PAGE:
Cat chat: former Alexa engineer creates app that translates meowing
Bellevue, Washington - What do cats actually want from us? This burning question might finally have an answer: an engineer has developed an app that claims to translate a cat's meow intp human language.
Javier Sanchez is a former Amazon engineer who worked on the Alexa AI technology first used in the Amazon Echo smart speakers.
Sanchez now works for a company called Akvelon, which came up with a curious idea.
It may sound like a joke, but as BoredPanda reported, Akvelon really is trying to bridge the language gap between cats and humans. "I knew we could make an app and more specifically a SmartCollar to turn cat meows into human speech. I knew with my experience from working at Alexa that the technology was there to translate unique cat meows into words and general intentions,” Sanchez is quoted as saying.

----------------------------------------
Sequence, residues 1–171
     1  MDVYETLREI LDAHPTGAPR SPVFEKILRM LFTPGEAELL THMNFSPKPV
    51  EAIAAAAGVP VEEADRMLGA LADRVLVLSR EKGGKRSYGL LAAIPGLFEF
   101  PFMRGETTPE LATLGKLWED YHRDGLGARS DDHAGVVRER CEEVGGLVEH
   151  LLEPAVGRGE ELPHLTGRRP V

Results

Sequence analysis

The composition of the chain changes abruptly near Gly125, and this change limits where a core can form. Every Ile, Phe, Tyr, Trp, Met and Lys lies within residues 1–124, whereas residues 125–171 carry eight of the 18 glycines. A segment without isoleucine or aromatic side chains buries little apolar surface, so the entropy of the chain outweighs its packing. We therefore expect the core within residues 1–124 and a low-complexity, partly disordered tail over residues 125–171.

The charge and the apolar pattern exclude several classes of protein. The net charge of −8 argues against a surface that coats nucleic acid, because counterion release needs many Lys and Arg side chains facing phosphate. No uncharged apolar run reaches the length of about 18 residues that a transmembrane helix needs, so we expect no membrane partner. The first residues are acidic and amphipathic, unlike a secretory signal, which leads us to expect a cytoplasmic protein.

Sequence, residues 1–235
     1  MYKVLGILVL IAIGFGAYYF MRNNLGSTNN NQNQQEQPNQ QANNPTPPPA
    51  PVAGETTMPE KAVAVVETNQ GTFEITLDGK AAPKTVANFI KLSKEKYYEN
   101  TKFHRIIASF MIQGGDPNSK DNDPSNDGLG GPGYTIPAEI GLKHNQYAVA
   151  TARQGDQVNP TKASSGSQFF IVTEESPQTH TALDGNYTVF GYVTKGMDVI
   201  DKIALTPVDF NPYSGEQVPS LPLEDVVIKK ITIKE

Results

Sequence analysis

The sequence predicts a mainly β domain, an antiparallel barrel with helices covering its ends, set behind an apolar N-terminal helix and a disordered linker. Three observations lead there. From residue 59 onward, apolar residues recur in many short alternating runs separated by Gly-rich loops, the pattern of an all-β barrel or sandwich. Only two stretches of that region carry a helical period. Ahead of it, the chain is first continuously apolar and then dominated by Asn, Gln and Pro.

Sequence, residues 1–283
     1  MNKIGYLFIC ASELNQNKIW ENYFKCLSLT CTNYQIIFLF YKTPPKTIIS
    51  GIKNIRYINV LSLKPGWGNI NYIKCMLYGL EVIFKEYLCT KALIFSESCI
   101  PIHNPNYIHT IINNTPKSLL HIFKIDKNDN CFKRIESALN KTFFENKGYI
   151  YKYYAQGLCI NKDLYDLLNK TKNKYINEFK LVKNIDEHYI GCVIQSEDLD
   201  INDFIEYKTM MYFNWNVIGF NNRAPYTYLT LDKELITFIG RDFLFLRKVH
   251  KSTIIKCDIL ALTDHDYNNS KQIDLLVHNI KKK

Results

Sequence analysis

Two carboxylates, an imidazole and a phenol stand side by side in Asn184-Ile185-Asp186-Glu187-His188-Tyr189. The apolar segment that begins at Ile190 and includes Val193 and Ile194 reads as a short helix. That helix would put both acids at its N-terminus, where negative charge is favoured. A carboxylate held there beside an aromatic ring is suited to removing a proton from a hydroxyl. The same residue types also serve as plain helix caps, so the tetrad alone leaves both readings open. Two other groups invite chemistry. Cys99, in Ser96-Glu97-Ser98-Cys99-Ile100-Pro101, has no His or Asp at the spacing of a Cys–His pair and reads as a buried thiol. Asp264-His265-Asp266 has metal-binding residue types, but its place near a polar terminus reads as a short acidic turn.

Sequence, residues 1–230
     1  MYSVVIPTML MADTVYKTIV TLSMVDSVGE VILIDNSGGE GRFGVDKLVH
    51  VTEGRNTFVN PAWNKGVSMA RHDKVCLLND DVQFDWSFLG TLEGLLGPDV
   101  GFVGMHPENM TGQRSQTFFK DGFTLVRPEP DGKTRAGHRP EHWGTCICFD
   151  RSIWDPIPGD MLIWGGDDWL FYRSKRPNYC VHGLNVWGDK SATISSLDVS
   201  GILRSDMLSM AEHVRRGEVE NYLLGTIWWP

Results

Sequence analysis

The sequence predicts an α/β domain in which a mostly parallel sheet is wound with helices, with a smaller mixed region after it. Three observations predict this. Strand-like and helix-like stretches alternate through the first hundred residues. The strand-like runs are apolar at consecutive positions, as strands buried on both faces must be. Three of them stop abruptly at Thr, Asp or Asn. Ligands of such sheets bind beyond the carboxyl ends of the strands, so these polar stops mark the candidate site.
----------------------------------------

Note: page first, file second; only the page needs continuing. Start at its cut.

But an app that translates sounds into actual words would surely make things a lot easier. With the help of advanced artificial intelligence and machine learning, MeowTalk attempts to do just that.
Akvelon creates first cat translator
MeowTalk is already available
According to the app description, each meow is a unique sound and its technology can help differentiate between a cat asking for food and wanting to go out, for example.
The app will evolve continuously as more data is entered. Users can rate the accuracy of the translations by confirming whether their cat really was making that particular request.
The software is still in its early stages and can be downloaded for free. But those who want to unlock advanced functions will need to splash out $0.99.
Meanwhile, the reviews are pretty mixed. In the Google Play Store, MeowTalk has an average rating of 2.8 stars from more than 500 reviews.
Many noticed glitches or other shortcomings. Nevertheless, some appreciated the idea of being able to have a conversation with their cats. MeowTalk is also available on the Apple Store. The feedback there is similar: users reported plentu of inaccuracies, but generally loved the concept.
Owners of the often ambivalent fur balls will have to decide for themselves whether the app really is a gateway into their pets' minds.
Cover photo: 123Rf/lightpoet